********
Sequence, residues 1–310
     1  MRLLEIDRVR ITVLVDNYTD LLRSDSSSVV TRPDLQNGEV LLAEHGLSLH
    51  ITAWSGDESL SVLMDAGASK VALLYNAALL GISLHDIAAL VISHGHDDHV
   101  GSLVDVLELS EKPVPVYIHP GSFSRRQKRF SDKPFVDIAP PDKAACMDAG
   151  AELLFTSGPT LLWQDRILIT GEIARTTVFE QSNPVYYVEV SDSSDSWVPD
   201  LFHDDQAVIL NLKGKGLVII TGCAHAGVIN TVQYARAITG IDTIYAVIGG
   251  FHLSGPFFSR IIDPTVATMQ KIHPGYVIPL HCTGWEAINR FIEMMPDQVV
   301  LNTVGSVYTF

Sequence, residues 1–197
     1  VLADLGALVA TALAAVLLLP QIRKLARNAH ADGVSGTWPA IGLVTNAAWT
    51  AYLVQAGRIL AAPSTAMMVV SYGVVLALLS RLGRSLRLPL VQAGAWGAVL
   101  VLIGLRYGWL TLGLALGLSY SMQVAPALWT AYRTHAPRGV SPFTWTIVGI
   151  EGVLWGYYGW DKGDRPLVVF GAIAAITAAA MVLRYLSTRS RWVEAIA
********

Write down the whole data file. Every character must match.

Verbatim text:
Sequence, residues 1–310
     1  MRLLEIDRVR ITVLVDNYTD LLRSDSSSVV TRPDLQNGEV LLAEHGLSLH
    51  ITAWSGDESL SVLMDAGASK VALLYNAALL GISLHDIAAL VISHGHDDHV
   101  GSLVDVLELS EKPVPVYIHP GSFSRRQKRF SDKPFVDIAP PDKAACMDAG
   151  AELLFTSGPT LLWQDRILIT GEIARTTVFE QSNPVYYVEV SDSSDSWVPD
   201  LFHDDQAVIL NLKGKGLVII TGCAHAGVIN TVQYARAITG IDTIYAVIGG
   251  FHLSGPFFSR IIDPTVATMQ KIHPGYVIPL HCTGWEAINR FIEMMPDQVV
   301  LNTVGSVYTF

Sequence, residues 1–197
     1  VLADLGALVA TALAAVLLLP QIRKLARNAH ADGVSGTWPA IGLVTNAAWT
    51  AYLVQAGRIL AAPSTAMMVV SYGVVLALLS RLGRSLRLPL VQAGAWGAVL
   101  VLIGLRYGWL TLGLALGLSY SMQVAPALWT AYRTHAPRGV SPFTWTIVGI
   151  EGVLWGYYGW DKGDRPLVVF GAIAAITAAA MVLRYLSTRS RWVEAIA